Conolly 2002

Ther Iraq Study Group presents an interesting problem for American foreign policy. Clearly there are questions about if Bush will follow the recommendations and how so. There is also an interesting question about qualifications, some saying the ISG proves the current Republicans are immature and incompetent, whereas the old guard still possess erudite qualities.

But there is another question that needs to be pressed to this scenario, and it is one easily confused with the first question I highlighted. What will Bush do? But I am not concerned (not here, at least) about the political calculations involved. I am instead more concerned with Bush’s resistance to the ISG and how it will effect the political decisions sure to follow.

There is an Oedipal connection to be explored as Bush measures the recommendations from key members of his father’s foreign policy apparatus (most notably James Baker.) William Conolly (2002. The Augustinian imperative. NY: Rowan & Littelfield Publishers, Inc. pp. 52-3.) provides in the passage below and exploration of the difficulty of actually doing what one knows she ought to do. This passage contains some block quotations itself from Augustine, so the formatting may seem off. I am also going to bold portions of the passage to further bring out what I think are the most important parts. None of the bolding is Conolly’s.

As Augustine confesses the sins of his past and the problem of evil he is moved to ponder the character of human will. The confession here parallels the confession of memory. Augustine finds that he has done things he did not will and has willed things he did not do. This leads him to suspect that the source of evil and human suffering resides deeply within the will itself, in the very structure of human will and desire. [Begin Conolly’s block quotation of Augustine]

Why should it be? Mind commands body, and it obeys forthwith. Mind gives orders to itself, and it is resisted. Mind gives orders for the hand to move, and so easy is it that command can scarcely be distinguished from execution. Yet mind is mind, while hand is body. Mind commands mind to will: there is no difference here, but it does not do so. Whence comes this monstrous state? Why should it be?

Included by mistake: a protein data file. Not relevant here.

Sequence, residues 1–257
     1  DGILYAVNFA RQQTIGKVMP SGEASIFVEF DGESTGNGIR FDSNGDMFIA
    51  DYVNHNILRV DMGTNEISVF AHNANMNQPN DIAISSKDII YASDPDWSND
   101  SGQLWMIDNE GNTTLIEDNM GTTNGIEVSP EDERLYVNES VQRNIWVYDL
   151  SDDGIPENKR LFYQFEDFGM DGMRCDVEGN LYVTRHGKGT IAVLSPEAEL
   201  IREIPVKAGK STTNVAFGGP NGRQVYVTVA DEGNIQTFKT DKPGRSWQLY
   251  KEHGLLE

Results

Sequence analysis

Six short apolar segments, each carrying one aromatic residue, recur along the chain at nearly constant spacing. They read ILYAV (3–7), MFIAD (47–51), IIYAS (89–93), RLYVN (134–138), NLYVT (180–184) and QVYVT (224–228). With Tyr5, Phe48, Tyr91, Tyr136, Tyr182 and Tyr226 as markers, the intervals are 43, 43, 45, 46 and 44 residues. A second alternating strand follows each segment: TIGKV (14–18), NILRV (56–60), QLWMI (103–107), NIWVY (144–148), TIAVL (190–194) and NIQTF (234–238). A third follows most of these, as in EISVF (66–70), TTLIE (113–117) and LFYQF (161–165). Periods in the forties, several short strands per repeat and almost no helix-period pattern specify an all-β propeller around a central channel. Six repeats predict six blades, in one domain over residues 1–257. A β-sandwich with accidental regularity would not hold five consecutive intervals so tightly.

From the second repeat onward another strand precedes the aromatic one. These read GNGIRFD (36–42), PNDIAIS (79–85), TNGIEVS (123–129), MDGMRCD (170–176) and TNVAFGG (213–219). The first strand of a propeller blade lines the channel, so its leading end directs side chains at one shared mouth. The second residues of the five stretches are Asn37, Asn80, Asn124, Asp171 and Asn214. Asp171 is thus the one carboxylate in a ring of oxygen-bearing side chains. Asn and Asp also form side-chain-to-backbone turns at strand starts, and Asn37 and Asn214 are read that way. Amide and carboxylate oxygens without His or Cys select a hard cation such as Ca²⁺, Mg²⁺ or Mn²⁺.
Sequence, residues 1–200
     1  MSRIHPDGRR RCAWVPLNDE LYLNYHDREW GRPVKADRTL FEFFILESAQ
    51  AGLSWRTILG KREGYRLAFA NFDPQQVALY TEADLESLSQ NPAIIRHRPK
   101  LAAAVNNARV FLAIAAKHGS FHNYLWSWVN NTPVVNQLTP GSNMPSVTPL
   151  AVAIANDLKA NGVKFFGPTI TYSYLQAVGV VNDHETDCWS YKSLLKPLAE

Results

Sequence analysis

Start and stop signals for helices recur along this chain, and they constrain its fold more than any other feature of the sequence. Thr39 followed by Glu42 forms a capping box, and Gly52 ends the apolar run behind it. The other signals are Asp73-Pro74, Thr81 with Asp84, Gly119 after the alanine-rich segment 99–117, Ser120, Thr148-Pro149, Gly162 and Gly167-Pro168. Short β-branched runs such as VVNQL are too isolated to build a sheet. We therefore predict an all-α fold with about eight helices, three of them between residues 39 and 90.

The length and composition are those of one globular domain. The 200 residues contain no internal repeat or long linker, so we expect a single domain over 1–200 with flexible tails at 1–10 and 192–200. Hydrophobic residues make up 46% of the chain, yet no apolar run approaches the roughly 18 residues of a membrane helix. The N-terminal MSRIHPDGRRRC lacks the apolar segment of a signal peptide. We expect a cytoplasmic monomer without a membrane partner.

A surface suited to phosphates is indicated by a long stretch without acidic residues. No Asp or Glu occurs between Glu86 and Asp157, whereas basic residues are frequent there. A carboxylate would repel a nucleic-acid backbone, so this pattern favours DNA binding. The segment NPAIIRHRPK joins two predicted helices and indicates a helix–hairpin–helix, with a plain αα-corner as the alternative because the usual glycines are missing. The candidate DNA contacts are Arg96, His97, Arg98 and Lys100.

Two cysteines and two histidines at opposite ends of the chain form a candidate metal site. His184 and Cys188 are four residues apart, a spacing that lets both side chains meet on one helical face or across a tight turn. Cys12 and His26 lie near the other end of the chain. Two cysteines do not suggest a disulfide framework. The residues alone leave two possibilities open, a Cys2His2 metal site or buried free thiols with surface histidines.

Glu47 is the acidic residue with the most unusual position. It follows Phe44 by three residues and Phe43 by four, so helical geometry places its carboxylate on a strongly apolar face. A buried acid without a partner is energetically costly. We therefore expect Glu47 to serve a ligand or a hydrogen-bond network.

[End Conolly’s block quotation] Augustine is not worried about the mind/body problem that has perplexed Western thought at least since a mechanistic conception of nature became popular in the 17th century. This is not a Cartesian question about how the mind interacts with the body. For that relation is pretty reliable: “Mind gives orders for the hand to move, and…command can scarcely be distinguished from execution.” Augustine is concerned about a mind/mind problem, about a perplexity or dissonance interior to the will itself. You will not to invite your attractive friend for a late drink, but the words crawl out of your mouth anyway. Augustine wills to be continent, but he is incontinent. His friend, Alypius, wills to forgo the violent blood of the circus, but under the prodding of friends he sinks into it again. The question is not whether those acts are okay despite the values of those who resist them, but why one does the thing one wills not to do once one has willed not to do it.

The answer, for Augustine, is not that the body overwhelms the will or that the will is in combat with dark forces that sometimes overmatch it. The first answer would take him too close to Platonic paganism and the second too close to the heresy of Manicheanism. The source of the conflict must therefore be a division within the will itself. [Begin Conolly’s block quotation of Augustine]

It does not will it in its entirety: for this reason it does not give this command in its entirety. For it commands a thing only in so far as it wills it, and in so far as what it commands is not done, to that extent it does not will it…But the complete will does not give the command and therefore what it commands is not in being.

I hope this passage helps us understand a reason why things go wrong. It is especially helpful for why things may go wrong in the worst possible places for them to go wrong: Iraq. Maybe the abuses US soldiers are accused of are not a failing of leadership or even training. Instead they may be the inevitable outcome of placing people in situations predicated on violence and death. Maybe the insurgents are merely acting out this mind/mind problem and there is nothing the US can do to ease the problem.

I find it unlikely that Iraq is a hodgepodge of forces that can be identified and dealt with. There are things at work we may never understand and while some may call that life, given the circumstances in Iraq we instead call it death. This is a sobering possibility and one that right now is too abstract to provide an ethic for dealing with Iraq, but with time and work maybe Augustinian insights can provide some help and relief. Everyone sees the status quo and asks the same question: why should it be?

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